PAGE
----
It is not the first time that an editor writes an editorial or a review on their own journal (G. North does it regularly in Current Biology) and while there is nothing wrong with this (other than the small fact that if you tried to publish the same thing in that journal you might have a hard time), it is what he says and the manner in what he says it, that is alarming and dangerous. He is using his own journal, with all the power that we have given him, and it, through our work, to criticize our right to express ourselves in the media that technology and the times have created for us. The act of blogging, which is by now well established in all aspects of life is being called ‘vanity publication’ by someone who is using, as Casey Bergmann put it in Twitter, his own pulpit –which is not open to people- to criticize, denying others the use of an open pulpit. This is more serious than it sounds because it shows to what degree we are allowing journals to run our professional lives. Not all journals are the same, not all editors are the same but perhaps people should realize the degree of trouble that is in here. We are already patronized in the editorial rejection letters that come back 24/48 hours after submission to those journals, we are patronized when our papers are rejected after two or three rounds of review because we have failed to do one more experiment suggested by a fourth reviewer, we are patronized at meetings when we are told how good or bad our work is, how many more experiments we need to do for a submission, we are patronized on how to present our data, write our papers, do our experiments, carry out our work………..increasingly journals are telling us how to do Science and what science to do. And now we are told that the only vehicle for our thoughts and science is The Journals, Those Journals. How much more of our intellectual independence are we prepared to give up?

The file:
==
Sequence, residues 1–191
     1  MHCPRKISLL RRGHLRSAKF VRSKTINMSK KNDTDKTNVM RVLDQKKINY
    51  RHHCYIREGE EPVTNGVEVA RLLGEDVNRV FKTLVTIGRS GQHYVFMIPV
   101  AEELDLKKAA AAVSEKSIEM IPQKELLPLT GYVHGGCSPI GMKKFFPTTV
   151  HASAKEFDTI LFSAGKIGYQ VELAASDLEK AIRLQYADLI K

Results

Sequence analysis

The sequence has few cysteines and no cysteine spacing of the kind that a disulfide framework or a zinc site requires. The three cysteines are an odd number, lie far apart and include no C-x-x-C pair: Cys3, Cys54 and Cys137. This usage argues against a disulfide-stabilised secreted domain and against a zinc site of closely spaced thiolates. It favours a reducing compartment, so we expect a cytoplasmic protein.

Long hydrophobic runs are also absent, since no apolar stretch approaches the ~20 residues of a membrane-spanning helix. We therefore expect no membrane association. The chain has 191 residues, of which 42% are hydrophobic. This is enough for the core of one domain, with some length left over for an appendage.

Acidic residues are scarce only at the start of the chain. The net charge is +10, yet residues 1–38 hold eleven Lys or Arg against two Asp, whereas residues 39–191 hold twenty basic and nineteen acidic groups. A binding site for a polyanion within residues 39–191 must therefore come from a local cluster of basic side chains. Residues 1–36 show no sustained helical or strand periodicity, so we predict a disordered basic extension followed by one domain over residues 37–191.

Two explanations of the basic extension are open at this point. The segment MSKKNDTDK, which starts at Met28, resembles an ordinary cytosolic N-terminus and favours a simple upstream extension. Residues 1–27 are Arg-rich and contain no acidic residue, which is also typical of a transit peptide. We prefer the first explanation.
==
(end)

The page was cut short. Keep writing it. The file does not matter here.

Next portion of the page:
I do not believe in a Science without Journals. At this moment such thing is a Utopia which would be foolish to try to implement as it would break the community into two: those who will go for it because either intellectually or economically have to (remember that, increasingly in order to publish you need to pay for which you need grants which you only get if you publish…….in the right journals) and the others which are the same i.e. the rich get richer. What can we do? This is food for thought but maybe we need to teach the journals whose show is it. We need to start educating the journals and reverse the process which they have inadvertently established over the last twenty odd years. How? Think carefully where you submit your papers, refuse to undergo more than one round of reviews, remember DORA and use it.